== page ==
by Paul Muller of Full Belly Farm, courtesy of Capay Valley Farm Shop
There is an eye with which we experience the world, an interaction between the object perceived and the observer. Often times two people looking at the same object or event can see very different things. It is a Confucius-like allusion that could be stated as: “What you see depends upon where you look,” or “how you look depends upon where you go,” or even “what you see depends upon how you know to see.” An eye trained with experience and wisdom might see an object or situation differently than a younger one trained in the same discipline. If ‘beauty is in the eye of the beholder,’ we may develop a collective eye for what is considered beautiful, or the appreciation of beauty may be as varied as cultures, sensibilities or each perceiver.
We had our Open Farm Day this weekend and had about 150 farm-curious come by to take a wagon ride, see the farm, have their kids run around, and/or listen to one of the partners squawk about fields, fruit trees, hedgerows for pollinator habitat or farm fertility. These subjects are not so glamorous, but are beautiful from our perspective, as we witness the complex textures of nature and the myriad forms of life that we are entrusted to consider as we go about the act of producing and exporting food from this land. No doubt, each visitor was looking at the farm and seeing the peach bloom, flower fields, and green crops of broccoli or spinach through their own lenses of appreciation, while the tour helped to inform what they were seeing.
I have long believed that to understand what we are trying to do as stewards and producers, one needs to actually walk the farm, listen to the birdlife or the hum of insect life in an orchard, smell the soil’s fertile funk, or see chicken character in full display as they scratch our vineyards for leaf hoppers or bugs while eating green grass or clover. The 360-degree engagement of senses is at the heart of beginning to appreciate how much seeing can be done when one starts to look.
We can be as much constrained by what we know as we may be opened by our reverence for the unknown and our willingness to explore the wilderness on the edge of knowing. A cantankerous elder of my childhood who fished and camped and had time to expound beliefs around a campfire used to say “don’t believe anything you read and only half of what you see.” He taught me to believe less than half of what he said – and yet cajoled me to look with open eyes, to explore, to test the edges and to harbor healthy skepticism.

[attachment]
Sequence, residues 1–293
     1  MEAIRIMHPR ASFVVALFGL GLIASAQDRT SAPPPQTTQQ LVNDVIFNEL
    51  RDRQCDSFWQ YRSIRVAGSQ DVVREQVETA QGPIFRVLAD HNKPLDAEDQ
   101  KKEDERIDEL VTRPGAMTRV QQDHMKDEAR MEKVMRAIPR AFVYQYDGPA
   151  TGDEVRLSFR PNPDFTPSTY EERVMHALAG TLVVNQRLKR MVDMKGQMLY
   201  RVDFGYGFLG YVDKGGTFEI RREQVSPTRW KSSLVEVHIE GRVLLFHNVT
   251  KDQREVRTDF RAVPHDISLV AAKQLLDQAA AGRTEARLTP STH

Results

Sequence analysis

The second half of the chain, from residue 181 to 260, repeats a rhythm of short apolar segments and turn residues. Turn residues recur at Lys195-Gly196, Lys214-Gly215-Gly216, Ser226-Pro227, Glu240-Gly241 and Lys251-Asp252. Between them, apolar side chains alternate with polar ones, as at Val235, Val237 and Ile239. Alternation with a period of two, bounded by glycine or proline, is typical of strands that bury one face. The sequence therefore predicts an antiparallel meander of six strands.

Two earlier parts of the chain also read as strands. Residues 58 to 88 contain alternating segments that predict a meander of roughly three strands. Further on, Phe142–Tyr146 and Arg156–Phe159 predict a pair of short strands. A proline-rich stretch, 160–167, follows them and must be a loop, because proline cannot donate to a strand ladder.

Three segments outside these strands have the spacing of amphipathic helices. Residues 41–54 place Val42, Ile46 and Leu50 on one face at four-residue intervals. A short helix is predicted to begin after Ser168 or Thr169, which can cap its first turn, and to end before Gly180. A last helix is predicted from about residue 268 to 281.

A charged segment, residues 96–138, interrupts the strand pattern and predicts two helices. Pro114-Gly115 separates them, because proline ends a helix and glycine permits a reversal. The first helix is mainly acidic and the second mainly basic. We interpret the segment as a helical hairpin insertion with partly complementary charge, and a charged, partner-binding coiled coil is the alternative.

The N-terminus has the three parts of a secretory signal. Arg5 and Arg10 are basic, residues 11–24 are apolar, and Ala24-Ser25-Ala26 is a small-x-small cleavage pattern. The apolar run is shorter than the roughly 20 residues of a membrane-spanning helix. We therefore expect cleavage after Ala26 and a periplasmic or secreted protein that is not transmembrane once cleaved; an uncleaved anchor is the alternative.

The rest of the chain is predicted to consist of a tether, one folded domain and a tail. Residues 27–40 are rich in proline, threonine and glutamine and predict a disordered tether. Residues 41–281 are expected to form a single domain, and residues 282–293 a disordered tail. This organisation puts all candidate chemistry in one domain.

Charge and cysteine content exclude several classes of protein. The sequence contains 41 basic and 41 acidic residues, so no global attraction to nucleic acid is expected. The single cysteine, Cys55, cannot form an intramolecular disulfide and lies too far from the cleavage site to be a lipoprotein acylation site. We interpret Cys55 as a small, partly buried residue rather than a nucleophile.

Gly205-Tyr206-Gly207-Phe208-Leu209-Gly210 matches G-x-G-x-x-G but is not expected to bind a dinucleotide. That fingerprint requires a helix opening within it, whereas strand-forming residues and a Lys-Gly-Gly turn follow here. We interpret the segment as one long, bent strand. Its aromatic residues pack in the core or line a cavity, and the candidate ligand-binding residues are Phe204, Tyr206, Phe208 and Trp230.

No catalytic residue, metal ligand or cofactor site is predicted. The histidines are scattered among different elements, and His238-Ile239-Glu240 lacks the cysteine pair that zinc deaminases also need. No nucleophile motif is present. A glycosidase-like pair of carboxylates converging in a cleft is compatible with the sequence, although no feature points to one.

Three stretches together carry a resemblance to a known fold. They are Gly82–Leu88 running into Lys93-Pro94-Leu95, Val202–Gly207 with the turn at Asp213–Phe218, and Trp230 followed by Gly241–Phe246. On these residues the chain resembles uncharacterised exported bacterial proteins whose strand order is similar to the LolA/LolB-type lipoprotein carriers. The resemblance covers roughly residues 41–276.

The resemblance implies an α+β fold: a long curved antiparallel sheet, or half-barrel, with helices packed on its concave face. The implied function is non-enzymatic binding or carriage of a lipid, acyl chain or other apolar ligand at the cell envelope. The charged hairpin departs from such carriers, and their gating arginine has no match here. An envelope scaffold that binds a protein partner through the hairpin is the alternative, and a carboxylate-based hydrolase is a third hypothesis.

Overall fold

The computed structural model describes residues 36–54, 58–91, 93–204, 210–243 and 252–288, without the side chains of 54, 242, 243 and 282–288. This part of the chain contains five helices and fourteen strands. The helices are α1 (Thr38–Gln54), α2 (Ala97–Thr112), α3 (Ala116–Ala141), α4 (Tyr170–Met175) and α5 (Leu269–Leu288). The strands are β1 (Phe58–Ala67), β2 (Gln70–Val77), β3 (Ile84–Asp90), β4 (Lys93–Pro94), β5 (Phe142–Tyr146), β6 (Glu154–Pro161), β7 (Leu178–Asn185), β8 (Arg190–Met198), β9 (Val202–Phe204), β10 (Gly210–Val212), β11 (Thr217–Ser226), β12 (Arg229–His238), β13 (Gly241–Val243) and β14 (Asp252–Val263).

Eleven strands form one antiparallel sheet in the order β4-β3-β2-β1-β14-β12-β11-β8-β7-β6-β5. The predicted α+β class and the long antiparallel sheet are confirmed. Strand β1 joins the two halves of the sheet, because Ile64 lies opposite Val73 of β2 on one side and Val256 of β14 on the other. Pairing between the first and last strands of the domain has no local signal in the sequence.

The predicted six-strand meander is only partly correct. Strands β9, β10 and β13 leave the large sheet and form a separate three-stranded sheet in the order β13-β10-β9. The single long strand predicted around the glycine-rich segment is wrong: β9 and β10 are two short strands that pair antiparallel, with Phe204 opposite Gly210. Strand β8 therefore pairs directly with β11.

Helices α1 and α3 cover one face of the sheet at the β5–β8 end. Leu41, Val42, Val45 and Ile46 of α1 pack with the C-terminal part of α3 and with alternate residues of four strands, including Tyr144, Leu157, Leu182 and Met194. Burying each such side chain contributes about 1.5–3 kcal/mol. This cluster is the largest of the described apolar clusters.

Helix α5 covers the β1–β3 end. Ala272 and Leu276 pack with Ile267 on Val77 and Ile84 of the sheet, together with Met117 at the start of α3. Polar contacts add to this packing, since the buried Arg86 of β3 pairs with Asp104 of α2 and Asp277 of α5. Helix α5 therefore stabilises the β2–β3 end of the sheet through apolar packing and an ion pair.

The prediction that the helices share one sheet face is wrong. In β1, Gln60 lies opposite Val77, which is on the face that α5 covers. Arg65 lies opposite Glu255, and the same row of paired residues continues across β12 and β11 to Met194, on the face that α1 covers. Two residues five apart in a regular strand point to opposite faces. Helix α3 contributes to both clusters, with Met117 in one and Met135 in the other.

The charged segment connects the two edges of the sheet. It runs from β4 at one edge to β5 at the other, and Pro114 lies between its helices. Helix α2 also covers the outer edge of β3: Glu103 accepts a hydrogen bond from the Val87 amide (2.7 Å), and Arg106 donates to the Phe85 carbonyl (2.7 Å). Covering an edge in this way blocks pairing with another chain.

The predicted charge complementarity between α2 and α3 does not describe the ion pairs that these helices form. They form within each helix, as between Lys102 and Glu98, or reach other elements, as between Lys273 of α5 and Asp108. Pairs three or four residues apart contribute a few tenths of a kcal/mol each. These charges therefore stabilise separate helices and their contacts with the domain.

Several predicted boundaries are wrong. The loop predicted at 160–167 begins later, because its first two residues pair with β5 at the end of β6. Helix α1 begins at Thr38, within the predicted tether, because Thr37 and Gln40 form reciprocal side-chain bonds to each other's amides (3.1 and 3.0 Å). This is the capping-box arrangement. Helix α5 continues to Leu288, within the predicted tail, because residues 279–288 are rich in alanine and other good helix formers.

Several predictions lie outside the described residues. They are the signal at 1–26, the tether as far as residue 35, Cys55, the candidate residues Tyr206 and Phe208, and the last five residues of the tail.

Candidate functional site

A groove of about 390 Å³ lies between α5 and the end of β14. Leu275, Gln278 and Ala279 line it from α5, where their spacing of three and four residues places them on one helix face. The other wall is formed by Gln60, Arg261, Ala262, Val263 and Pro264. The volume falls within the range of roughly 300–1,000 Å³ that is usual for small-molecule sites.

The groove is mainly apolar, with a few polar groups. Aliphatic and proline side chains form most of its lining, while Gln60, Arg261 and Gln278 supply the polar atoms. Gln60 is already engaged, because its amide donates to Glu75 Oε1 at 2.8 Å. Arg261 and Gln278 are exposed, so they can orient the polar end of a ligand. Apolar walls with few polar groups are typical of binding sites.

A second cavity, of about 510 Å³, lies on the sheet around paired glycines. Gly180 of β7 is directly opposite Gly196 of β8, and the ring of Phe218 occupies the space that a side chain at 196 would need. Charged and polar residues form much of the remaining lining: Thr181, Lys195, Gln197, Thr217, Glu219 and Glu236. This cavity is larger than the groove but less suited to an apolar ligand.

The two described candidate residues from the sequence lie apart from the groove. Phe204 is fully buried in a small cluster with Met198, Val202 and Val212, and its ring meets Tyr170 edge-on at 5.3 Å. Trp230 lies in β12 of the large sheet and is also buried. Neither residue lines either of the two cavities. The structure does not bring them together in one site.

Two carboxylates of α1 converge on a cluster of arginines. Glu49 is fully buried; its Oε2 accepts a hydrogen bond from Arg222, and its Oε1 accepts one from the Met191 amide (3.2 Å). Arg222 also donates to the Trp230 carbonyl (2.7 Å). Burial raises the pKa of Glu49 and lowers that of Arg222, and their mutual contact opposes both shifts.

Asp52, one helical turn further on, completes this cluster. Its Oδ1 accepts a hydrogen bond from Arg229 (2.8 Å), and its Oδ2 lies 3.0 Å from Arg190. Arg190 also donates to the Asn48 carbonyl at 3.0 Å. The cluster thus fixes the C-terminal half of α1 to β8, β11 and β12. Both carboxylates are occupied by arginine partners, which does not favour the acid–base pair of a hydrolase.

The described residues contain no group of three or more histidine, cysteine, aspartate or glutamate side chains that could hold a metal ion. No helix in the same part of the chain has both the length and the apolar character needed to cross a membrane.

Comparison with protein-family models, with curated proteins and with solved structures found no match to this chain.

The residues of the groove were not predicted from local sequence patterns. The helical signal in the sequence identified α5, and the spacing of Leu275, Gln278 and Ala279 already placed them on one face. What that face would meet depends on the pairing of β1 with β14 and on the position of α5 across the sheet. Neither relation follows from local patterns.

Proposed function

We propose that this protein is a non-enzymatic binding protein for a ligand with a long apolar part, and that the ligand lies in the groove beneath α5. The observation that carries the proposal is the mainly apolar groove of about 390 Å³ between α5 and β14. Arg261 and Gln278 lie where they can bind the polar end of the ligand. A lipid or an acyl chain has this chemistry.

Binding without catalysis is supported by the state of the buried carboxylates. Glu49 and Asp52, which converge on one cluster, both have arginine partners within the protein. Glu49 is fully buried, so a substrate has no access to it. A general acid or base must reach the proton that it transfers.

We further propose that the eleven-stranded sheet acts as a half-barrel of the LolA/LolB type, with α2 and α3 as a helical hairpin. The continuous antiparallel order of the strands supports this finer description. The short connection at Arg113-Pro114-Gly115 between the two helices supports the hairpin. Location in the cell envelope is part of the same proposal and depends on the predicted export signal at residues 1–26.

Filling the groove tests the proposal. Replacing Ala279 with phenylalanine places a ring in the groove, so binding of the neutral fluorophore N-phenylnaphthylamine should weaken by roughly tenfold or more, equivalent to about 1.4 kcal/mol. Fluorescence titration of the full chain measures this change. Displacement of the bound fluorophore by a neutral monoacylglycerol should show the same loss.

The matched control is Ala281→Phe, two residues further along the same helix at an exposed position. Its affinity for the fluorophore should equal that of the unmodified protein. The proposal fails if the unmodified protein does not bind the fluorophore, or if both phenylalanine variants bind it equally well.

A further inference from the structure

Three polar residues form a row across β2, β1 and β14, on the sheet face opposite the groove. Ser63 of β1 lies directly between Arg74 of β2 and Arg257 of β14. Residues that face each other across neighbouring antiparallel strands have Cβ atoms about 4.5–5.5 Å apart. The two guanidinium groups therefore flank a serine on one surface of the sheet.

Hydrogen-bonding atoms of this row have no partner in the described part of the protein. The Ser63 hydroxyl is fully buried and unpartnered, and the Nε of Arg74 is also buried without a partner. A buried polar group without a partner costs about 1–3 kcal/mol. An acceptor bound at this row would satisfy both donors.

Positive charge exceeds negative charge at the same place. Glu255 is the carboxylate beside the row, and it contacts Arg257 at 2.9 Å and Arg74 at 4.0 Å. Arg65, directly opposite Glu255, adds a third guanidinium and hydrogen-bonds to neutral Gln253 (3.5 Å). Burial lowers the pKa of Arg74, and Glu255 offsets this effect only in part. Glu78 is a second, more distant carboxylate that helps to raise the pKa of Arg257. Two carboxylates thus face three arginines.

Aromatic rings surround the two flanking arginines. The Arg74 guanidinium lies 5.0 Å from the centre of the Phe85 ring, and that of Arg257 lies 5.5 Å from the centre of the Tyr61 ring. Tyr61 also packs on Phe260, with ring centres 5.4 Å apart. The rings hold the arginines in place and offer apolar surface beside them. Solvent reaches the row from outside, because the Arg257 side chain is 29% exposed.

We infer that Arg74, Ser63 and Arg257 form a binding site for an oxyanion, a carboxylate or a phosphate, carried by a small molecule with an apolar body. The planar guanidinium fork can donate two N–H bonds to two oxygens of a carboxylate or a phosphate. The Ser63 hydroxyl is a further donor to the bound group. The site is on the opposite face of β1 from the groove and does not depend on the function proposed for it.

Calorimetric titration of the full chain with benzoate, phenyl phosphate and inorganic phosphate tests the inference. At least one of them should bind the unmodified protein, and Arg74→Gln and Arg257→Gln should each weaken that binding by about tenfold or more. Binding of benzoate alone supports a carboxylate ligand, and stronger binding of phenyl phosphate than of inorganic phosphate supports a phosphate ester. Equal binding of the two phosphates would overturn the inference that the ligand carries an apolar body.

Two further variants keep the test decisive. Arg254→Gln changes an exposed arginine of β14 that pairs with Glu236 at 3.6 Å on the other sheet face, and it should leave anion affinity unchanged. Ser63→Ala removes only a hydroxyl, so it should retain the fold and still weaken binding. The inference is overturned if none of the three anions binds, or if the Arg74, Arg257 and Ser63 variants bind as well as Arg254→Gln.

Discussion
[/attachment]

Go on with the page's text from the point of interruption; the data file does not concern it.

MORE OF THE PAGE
As I look at the farming world as practiced by so many farmers in the ‘mainstream,’ it is easy to notice a few troubling trends. In February and March, in this amazing Mediterranean climate of California, there is a starkness on most central valley farms. Instead of the lush green of winter grass, fields and edges have been sprayed with herbicides and brown grass and bare soils have become acceptable forms of good stewardship.
The eye of a farmer may see uniformity and order reflected in weed-free edges, fewer trees along edges, bare fields all winter long or orchard floors that have been sprayed and are completely bare and devoid of life. Their ‘eye’ is seeing the brown of dead grass in winter as evidence of good farming practices – an effective control of both crop and non-crop areas. There is a desert in the making with this type of eye.
These edges have been the home of the rodents and snakes that support the hawk or owl. The edges are where ground bees like bumble bees and other pollinators reside in the undisturbed unfarmed soils that they need to survive. These pollinators are increasingly recognized as critical to pollination of crops that require insect life to make fruit. They need shade and soils that are layered with the decaying grasses and organic material of many seasons. Fields and orchards that could be growing green matter and thus harvesting winter CO2 and nitrogen from the air are sprayed bare. Fields that could have the gentle force of probing root hairs from plants as living covers, opening soil and allowing the rain that does fall to penetrate and go into the soil rather than off of the soil, are bare and crusted over.
Farms can by design be places of managed biological richness if we can re-think beauty and see differently. This beauty can complement high productivity and help to create a far richer notion of good farming practices. It is time to include the concept of stewardship in the charge of the farmer as both the grower of our food and the keeper of the life that could reside there. Organic practices often look at these issues differently than the mainstream and the results seen are designs that weave productivity, healthfulness, flavor and stewardship together. As an organic farm supporter you are creating another pathway to sustainability. As a visitor to the farm you can witness the effort as we try to grow better tasting food in an environment that buzzes with all forms of life. We hope that you take the opportunity to get to the farm and look, hear and see with us, and we thank those who have made the journey to visit.